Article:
$705,000 is allocated to the “management and negotiation of offshore oil and gas resources.” There is not exactly much offshore oil and gas to worry about right now, but this money is designed to help the NWT government change that.
$337,000 in new money will help create a website that makes various government paperwork easier for residents to do online.
$176,000 will be spent on Beaufort Delta tourism to take advantage of the boost in numbers following the Inuvik-Tuk highway’s opening.
$92,000 will go toward increased enforcement and public safety at NWT parks in the North Slave, along the Ingraham Trail.
A funding commitment highlighted by the finance minister was $827,000 in “ongoing funding” to turn the territory’s integrated case management pilot into a permanent program.
Integrated case management helps guide vulnerable people through all the different departments and agencies to ensure they get the support they need.
Wawzonek used integrated case management as an example of how her government would be prepared to make bold moves in future.
“What are we going to do with it? Are we going to expand it? Where are we going to go with it? We’re going to take the courage to push it forward and actually learn something from it, learn what those barriers are and act on them,” she said. “That means pushing departments out of their comfort zones sometimes.”
Federal funding will see the RCMP given an extra $1.613 million, including money for more positions and “isolated post and housing requirements.”
There’s also $465,000, supported by Ottawa, to continue developing a strategy for tackling the issue of guns and gangs in the NWT.
$250,000 will go toward increased base funding for victim services.
The NWT’s air tankers (used to fight forest fires) are getting an extra $1.992 million to cover their expected operating costs.
There’s $2.325 million in total new money to help Bathurst, Bluenose-East, and boreal caribou herds.
More than $3.5 million in funding for Thaidene Nëné and two other NWT protected areas is included in this budget, but was actually first acquired and began being used last year. It’s not entirely new cash.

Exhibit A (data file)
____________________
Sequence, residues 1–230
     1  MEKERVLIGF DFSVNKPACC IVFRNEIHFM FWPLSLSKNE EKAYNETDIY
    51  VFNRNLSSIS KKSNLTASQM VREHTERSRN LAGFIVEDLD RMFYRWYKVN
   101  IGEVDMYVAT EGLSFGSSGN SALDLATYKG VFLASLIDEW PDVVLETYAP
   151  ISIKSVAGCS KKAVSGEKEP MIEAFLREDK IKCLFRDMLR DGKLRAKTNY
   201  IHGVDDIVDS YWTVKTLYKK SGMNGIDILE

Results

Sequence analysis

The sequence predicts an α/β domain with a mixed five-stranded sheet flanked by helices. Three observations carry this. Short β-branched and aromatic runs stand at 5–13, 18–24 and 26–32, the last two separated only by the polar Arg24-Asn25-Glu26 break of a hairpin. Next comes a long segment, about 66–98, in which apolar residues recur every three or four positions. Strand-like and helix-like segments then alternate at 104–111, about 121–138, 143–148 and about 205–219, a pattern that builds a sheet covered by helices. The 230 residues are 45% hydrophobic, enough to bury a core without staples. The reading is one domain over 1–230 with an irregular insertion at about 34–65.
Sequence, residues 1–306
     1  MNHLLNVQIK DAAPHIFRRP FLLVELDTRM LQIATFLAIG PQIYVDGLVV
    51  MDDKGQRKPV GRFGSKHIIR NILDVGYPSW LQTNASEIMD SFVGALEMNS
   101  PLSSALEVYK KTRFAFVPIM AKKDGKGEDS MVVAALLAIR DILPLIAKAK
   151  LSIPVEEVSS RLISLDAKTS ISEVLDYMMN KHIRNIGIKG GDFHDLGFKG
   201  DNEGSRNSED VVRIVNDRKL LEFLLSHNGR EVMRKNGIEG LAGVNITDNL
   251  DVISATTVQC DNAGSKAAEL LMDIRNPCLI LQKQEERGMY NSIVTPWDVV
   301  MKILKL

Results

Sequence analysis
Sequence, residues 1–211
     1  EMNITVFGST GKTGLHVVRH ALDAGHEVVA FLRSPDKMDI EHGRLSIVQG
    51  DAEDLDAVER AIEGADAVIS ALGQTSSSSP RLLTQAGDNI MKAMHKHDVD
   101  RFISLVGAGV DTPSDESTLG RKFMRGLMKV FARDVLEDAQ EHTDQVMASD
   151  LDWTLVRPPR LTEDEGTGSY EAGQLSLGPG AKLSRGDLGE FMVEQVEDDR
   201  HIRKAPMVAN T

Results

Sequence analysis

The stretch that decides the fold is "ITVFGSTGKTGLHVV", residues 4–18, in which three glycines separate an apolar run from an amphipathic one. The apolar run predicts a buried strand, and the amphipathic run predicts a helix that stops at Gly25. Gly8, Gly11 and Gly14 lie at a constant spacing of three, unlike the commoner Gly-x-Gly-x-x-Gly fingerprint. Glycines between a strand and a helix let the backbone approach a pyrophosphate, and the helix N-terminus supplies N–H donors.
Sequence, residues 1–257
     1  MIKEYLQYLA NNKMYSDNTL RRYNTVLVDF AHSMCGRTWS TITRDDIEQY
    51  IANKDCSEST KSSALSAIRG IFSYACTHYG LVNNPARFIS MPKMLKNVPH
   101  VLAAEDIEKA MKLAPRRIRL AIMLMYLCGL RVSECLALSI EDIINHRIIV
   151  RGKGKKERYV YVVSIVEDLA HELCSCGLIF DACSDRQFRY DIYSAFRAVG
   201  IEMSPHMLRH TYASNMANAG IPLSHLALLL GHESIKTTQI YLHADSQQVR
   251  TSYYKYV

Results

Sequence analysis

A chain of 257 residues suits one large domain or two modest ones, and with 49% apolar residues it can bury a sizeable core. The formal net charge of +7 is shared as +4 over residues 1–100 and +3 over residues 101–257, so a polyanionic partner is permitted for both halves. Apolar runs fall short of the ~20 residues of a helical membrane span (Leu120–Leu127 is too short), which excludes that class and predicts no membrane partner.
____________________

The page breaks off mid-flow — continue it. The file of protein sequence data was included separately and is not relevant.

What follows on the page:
$659,000 will be spent on better maintenance of the Dempster Highway on the NWT side.
$390,000 has been found for permafrost-related work on the Dempster and Inuvik-Tuk highways.
The NWT government has created a special piggy bank of money to pursue programs and services that directly advance the new government’s mandate items.
It’ll be at least $25 million over four years. $10 million of that will be put forward this year.
The money doesn’t directly show up in the budget because it’ll come out of a reserve fund.
$25 million is a drop in the ocean of a $2-billion budget, but the money is designed to be used over and above whatever internal changes departments make to focus more of their existing money on new priorities.
“There’s a lot you can do with $25 million over a population the size of the NWT,” said Wawzonek.
“The budget of $2 billion that we do have – if we’re going to increase our evaluation and start to work more collaboratively, we can start to leverage the money that is there and start to achieve the targets we have.”
Where is there no new money?
The NWT Housing Corporation is reorganizing several million dollars of its own money to prioritize housing partnerships and homeownership – and prop up some existing services – but it isn’t getting any significant new cash injection, despite the territory’s ongoing housing crisis.
Bureaucrats said the NWT government was still talking to the federal government about unlocking more housing money, so extra cash could show up later this year. Indigenous governments will also be supported in their bids for federal cash, the minister said.
There was also no sign of significant new investment in child and family services, where major concerns about child welfare and understaffing were recently reported.